> Why wouldn't they, if they don't know when a domain will expire? What cost
> is it to them, who likely have nice little scripts that do all the work
> anyway. They have no reason .not. to do so.
> > >The costs to speculators is on par with the costs to spammers.  Computers
> > make
> > >it easy to do.
> >
> > Actually, all you are saying is that the cost of an email message is on par
> > with the cost of a database transaction.  I'll agree, and won't argue spam
> > costs, because a bunch of us promised not to. While the comparision to spam
> > is very obvious in many ways, please don't make spam comparisons. We can
> > argue this without reference to spam.  Enough said about that.
> Agreed.
> >
> > Computers make it easy for NSI, too.   $35.00 pays for a lot of computer
> > cycles.  There really can be hundreds of thousands of misses per one good
> > registration.
> It .could., but does it?
> > Not having delayed/canceled payment, immediate registration hurts everyone,
> > including me.  When I sell a web-host, they want it up today. I suppose if
> > everyone else has to wait 30 days, it won't be any worse than, say leased
> > line delays, and if everyone has the same constraint, the playing field is
> > level, so it shouldn't cost business. [actually, thats not true, since
> > selling something sooner means more revenue in a year--that's why we have
> > those marketing/sales folks. They get people to buy things now instead of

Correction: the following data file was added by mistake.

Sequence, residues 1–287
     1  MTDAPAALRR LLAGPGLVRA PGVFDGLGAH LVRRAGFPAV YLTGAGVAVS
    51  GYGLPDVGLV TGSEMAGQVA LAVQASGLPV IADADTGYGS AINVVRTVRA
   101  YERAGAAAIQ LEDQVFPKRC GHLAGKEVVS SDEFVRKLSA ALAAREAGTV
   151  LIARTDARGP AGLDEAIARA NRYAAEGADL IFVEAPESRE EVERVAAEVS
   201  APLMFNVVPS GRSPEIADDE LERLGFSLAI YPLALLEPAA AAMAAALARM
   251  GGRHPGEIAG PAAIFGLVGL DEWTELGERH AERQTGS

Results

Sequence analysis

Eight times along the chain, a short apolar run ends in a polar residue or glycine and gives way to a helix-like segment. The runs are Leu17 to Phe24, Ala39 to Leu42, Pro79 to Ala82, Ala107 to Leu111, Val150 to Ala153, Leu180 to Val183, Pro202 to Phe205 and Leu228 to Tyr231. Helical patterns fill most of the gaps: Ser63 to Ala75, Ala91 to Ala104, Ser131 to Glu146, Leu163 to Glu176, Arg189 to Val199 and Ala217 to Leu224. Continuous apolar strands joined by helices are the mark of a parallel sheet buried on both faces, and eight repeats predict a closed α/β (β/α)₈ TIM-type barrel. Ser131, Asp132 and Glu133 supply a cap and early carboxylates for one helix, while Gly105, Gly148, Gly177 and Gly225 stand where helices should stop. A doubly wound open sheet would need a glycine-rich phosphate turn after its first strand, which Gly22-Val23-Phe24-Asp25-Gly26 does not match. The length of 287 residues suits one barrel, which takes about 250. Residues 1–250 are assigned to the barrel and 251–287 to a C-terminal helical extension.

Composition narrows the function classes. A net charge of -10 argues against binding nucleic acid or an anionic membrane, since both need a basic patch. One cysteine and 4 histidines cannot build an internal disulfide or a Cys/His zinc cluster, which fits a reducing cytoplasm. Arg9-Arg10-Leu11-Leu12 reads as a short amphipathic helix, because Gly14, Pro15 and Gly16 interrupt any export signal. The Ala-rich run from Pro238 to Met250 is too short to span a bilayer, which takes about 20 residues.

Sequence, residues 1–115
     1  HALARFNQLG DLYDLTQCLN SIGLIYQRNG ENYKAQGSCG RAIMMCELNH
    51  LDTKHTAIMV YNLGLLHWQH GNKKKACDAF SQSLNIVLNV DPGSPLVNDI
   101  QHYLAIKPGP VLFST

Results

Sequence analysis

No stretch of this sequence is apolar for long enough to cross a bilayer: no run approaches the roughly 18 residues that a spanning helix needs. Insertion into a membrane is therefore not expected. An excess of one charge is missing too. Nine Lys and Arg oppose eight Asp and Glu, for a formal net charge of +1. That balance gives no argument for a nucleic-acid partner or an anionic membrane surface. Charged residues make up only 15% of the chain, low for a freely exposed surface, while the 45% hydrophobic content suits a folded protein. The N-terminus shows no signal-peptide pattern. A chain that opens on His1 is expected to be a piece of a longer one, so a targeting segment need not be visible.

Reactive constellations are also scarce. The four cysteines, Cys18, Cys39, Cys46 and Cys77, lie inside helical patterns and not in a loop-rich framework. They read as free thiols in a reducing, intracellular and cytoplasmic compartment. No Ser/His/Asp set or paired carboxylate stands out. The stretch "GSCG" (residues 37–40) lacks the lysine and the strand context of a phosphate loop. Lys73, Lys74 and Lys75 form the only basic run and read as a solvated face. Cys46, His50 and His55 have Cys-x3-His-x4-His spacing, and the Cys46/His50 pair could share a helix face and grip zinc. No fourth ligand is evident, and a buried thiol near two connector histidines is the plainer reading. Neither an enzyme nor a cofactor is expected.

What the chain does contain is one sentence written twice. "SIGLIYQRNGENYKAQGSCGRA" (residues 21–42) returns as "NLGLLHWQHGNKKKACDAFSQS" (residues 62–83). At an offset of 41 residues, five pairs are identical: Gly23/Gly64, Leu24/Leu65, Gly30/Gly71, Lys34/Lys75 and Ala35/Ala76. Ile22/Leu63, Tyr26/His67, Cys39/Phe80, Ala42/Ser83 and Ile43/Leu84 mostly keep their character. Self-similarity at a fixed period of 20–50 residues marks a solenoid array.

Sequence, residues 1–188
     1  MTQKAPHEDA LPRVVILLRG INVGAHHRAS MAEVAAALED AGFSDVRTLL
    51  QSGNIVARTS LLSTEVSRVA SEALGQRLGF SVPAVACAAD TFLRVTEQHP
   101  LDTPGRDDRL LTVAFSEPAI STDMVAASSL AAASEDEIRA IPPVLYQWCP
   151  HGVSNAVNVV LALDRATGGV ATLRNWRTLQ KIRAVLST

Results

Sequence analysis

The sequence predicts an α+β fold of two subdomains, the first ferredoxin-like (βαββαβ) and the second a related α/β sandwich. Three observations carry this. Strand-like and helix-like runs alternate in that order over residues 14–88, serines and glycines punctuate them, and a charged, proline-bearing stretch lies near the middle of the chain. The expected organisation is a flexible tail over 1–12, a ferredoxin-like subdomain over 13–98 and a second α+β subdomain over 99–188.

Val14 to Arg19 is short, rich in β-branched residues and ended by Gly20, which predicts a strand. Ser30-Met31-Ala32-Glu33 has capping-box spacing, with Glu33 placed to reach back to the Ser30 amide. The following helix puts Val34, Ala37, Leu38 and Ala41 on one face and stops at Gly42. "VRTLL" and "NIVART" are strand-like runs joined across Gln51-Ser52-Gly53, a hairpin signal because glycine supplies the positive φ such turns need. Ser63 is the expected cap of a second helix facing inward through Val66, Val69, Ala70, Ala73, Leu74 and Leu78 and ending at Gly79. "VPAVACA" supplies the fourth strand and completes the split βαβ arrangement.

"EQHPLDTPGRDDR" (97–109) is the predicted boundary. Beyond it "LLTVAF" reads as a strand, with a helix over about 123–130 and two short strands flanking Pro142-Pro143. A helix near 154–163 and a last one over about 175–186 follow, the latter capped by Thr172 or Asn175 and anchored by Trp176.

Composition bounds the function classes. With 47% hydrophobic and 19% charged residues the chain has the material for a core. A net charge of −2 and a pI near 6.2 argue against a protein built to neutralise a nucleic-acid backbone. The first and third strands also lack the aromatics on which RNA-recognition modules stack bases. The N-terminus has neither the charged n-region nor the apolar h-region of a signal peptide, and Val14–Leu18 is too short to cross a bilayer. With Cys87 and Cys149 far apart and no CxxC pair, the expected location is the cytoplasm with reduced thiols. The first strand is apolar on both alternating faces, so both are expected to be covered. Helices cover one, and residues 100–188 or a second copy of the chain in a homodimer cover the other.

> > next month.  That makes a big difference.]
> See above. Give InterNIC a nice deposit to be allowed to pre-pay. No deposit,
> no reg until they have the money.
> > And you are complaining about delays. Presumably, everyone experiences the
> > same delays.  Yet, you propose increasing the delays, and then that still
> > won't stop speculators.  So what is the point? How is the system improved?
> > It isn't.
> But I agree, while it won't stop them, it will at least make them contribute.
> I don't consider it contribution when they have extremely little out-of-pocket
> expenses and a high amount of profit.  Make them pay for .every. domain they
> register, and I don't care if they resell it. Also, when you think about it,
> niw they can register a few hundred domains at no cost, unless someone buys
> it from them. But if to register those same 300, say, domains, will cost
> them $2100, they will be a lot more hesitant, since it would be very easy
> if you are unlucky to loose a couple thousand dollars.
> >
> > But then, speculators are just a scapegoat. By definition, eliminating the
> > scapegoat doesn't fix the problem. It just diverts attention from the more
> > embarrasing, real problem. That's how I conclude they are just a scapegoat.
> The best scapegoats are the people who really are problems. But making them
> go away won't clear or hide all the problems, and it will be easier to move
> forward with fixing the other problems when they have one less excuse to
> use on us.
> > >It's certainly convenient to pay later.  But it's not that great of a
> > >difference to me.
> >
> > Then why are you complaining that it takes weeks to register a domain?
> > Clearly, if these so-called anti-speculation changes are made, it will
> > always takes weeks to register a domain.  You are shooting yourself in the
> > foot because you are afraid someone might step on your toe.
> Again, combine the two. Any ISP who is that worried should have no trouble
> keeping a $1000 account with Internic for domains. And even that much is
> assuming you sign up bunches of domains every day. Real people should need
> less. There are solutions that will work. I, personally, would rather
> pay by credit card and add a few hours to the time, than keep domain
> scalpers and wait a week or more.
> >
> >               --Dean
> > ++++++++++++++++++++++++++++++++++++++++++++++++++++++++++++++++++++++
> >            Plain Aviation, Inc                  dean at
> >            LAN/WAN/UNIX/NT/TCPIP
> > ++++++++++++++++++++++++++++++++++++++++++++++++++++++++++++++++++++++
> Jamie
> Who likely should have remained lurking, but is tired and cranky.